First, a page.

On the other hand, the lack of regulations may lead to an unbridled use of the beacon technology, which could antagonize consumers with marketers intruding excessively with their user experience.

So until such a time when we have guidelines in place, common sense must prevail. Put yourself in the consumer’s shoes. Think: what would you think or do if you were to receive that message at that time and place? Focus groups, customer surveys and other forms of consumer research should help validate your approach also.

All in all –

When their application is carefully researched and planned, with the personalisation (hence the relevancy) of the message maximised, beacons can take your relationship marketing to another level. Fact.

They can be an effective way of driving sales but also building loyalty and WOM amongst your existing customer base through the messaging of timely contextual value adds.

If misused however, they could lose you loyal customers faster than you think. That is a fact also.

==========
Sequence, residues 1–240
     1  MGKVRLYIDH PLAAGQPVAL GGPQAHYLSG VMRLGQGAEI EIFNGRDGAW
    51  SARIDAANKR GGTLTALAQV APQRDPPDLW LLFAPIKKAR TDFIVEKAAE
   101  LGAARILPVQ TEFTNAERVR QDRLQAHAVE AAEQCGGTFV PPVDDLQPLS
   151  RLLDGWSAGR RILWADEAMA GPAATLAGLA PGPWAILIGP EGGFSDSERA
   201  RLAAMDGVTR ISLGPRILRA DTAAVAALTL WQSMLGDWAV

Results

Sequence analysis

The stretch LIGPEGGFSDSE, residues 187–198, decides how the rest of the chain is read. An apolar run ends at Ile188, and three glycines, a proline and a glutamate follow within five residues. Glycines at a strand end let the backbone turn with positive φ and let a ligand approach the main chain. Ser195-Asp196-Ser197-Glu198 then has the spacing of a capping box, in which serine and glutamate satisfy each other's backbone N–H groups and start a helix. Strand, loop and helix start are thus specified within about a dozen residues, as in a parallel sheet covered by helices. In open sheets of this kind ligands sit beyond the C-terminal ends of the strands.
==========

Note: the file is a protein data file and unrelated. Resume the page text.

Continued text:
Have you started using beacons for your clients or own marketing purposes? Don’t be shy, let us know of your wins and learnings also.

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I have just come across yet more insightful research from our Google friends, which the advertising types amongst us will no doubt find useful.

This time the research focuses on mobile searches – specifically, mobile user search behaviours and the correlation of mobile searches with online and offline conversions.

You can view the full Mobile Search Moments study here – for now, I just wanted to point out a couple of striking stats.

First – their research shows that a staggering 77% of mobile searches happen at home or work (i.e. a location likely to have a PC), with only 17% on the go.

This surprised me at first as I had thought until now that smartphones were used for searching mainly on the move (i.e. when no PC is available). Then I remembered my own behavior at home: since trading my old phone for an iPhone 5, my smartphone has fast become my #1 device of choice for initiating all sort of activities from the comfort of my sofa including checking emails, reading online articles, playing games and … searching.